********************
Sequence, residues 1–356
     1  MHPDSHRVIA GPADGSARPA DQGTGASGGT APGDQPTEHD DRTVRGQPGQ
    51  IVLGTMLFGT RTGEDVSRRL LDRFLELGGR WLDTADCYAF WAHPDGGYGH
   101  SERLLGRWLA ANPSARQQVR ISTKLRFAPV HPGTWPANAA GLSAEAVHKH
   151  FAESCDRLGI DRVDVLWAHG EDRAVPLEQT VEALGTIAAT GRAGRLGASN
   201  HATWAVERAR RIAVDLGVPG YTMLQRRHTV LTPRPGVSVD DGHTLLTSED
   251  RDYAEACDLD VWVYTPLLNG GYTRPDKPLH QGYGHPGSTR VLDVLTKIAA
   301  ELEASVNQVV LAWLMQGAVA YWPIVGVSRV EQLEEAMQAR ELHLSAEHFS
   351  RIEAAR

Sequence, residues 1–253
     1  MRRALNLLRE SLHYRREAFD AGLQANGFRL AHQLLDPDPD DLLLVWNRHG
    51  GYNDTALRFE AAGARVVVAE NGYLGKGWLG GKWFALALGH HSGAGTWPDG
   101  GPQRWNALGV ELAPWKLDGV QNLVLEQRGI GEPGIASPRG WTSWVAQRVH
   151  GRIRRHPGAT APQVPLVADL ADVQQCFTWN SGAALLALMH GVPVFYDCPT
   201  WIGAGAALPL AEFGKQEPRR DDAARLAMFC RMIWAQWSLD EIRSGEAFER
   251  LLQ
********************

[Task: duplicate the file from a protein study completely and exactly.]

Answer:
Sequence, residues 1–356
     1  MHPDSHRVIA GPADGSARPA DQGTGASGGT APGDQPTEHD DRTVRGQPGQ
    51  IVLGTMLFGT RTGEDVSRRL LDRFLELGGR WLDTADCYAF WAHPDGGYGH
   101  SERLLGRWLA ANPSARQQVR ISTKLRFAPV HPGTWPANAA GLSAEAVHKH
   151  FAESCDRLGI DRVDVLWAHG EDRAVPLEQT VEALGTIAAT GRAGRLGASN
   201  HATWAVERAR RIAVDLGVPG YTMLQRRHTV LTPRPGVSVD DGHTLLTSED
   251  RDYAEACDLD VWVYTPLLNG GYTRPDKPLH QGYGHPGSTR VLDVLTKIAA
   301  ELEASVNQVV LAWLMQGAVA YWPIVGVSRV EQLEEAMQAR ELHLSAEHFS
   351  RIEAAR

Sequence, residues 1–253
     1  MRRALNLLRE SLHYRREAFD AGLQANGFRL AHQLLDPDPD DLLLVWNRHG
    51  GYNDTALRFE AAGARVVVAE NGYLGKGWLG GKWFALALGH HSGAGTWPDG
   101  GPQRWNALGV ELAPWKLDGV QNLVLEQRGI GEPGIASPRG WTSWVAQRVH
   151  GRIRRHPGAT APQVPLVADL ADVQQCFTWN SGAALLALMH GVPVFYDCPT
   201  WIGAGAALPL AEFGKQEPRR DDAARLAMFC RMIWAQWSLD EIRSGEAFER
   251  LLQ